Standing With the Citizens of Orlando

Photo Credit

Photo Credit

I am joining the voices of so many others in the last few days in offering my thoughts, prayers and condolences to folks in Orlando and beyond.

If you’re looking for resources on coping with distress after the events in Florida, check out some of my past posts:

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And here are a couple of resources from the American Psychological Association:

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Lastly, check out this thoughtful and useful article over at Huff Post about How to Help Orlando Shooting Victims and Their Families.

#OrlandoUnited

When You’re Too Embarrassed To Get Help

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I really wish I knew how many people think about starting therapy, but don’t actually do it.  Because my hunch is that it’s a whole heck of a lot.

We hear people talking about the stigma around mental illness and mental health treatment all the time, and honestly I think the one who suffers from this stigma is often ourselves.  Here’s what stigma against mental health treatment looks like when we use it on ourselves:

  • I should know how to fix this myself
  • I am a __________ (insert title: therapist, physician, teacher, etc), I should know how to deal with this on my own!
  • I am too smart to have anxiety (or depression)
  • I don’t have anything to feel worried or depressed about
  • I have good friends and a supportive family, I shouldn’t feel so bad

The fact is, public education about mental health has been so good in recent years, that most of us wouldn’t dream of saying any of the above statements to a friend, loved one, or stranger.  We know mental illness isn’t:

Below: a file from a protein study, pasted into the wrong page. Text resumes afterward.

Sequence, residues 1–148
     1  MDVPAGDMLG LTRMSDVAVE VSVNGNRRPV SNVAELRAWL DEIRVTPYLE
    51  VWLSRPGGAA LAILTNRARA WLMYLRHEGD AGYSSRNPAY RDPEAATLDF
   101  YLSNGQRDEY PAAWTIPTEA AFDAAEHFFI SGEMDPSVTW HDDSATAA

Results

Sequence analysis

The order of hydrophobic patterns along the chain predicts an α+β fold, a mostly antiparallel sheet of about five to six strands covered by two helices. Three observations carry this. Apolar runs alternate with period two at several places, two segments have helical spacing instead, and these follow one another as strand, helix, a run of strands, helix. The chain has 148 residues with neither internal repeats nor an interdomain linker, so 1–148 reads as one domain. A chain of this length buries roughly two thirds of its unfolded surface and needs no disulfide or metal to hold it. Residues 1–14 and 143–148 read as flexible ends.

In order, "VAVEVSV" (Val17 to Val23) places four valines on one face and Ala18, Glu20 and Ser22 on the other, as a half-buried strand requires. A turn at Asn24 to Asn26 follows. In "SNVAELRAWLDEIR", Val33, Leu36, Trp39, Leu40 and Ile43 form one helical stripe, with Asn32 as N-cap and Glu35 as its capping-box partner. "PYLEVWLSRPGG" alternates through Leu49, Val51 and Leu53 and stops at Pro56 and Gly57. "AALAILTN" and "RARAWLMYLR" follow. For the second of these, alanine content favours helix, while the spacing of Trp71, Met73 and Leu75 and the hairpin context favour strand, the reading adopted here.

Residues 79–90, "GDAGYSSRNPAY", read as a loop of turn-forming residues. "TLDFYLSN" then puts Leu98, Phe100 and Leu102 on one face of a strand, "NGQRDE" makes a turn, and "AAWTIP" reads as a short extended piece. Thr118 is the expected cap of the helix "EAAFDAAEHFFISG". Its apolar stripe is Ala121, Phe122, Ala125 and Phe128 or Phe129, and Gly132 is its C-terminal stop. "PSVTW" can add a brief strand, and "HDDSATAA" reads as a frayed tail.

• A choice
  • A weakness
  • A comment on one’s intelligence, place in the world or likeability

But yet some of us still say these unhelpful, untrue things to ourselves.  Why?  Because the stigma around mental illness still exists.  It’s fading for sure, but it has a long way to go.  So if you find that you are talking yourself OUT of getting mental health treatment, label those thoughts for what they are: junk.  Then pick up the phone and do what you need to do to take care of yourself.

To find a psychologist near you, check out APA’s Psychologist Locator service. It’s a free, easy place to start.

 

Chicken Avocado Enchiladas With Produce for Kids

Happy Summer!  School’s been out for exactly one week, and the excitement has just about worn off.  Which means we’re looking for things to do that aren’t: watching TV, playing video games or zoning out on the ipad!

One of my favorite hobbies is cooking.  Luckily,my kids share my interest.  So the other day we decided to try a recipe from this awesome cookbook: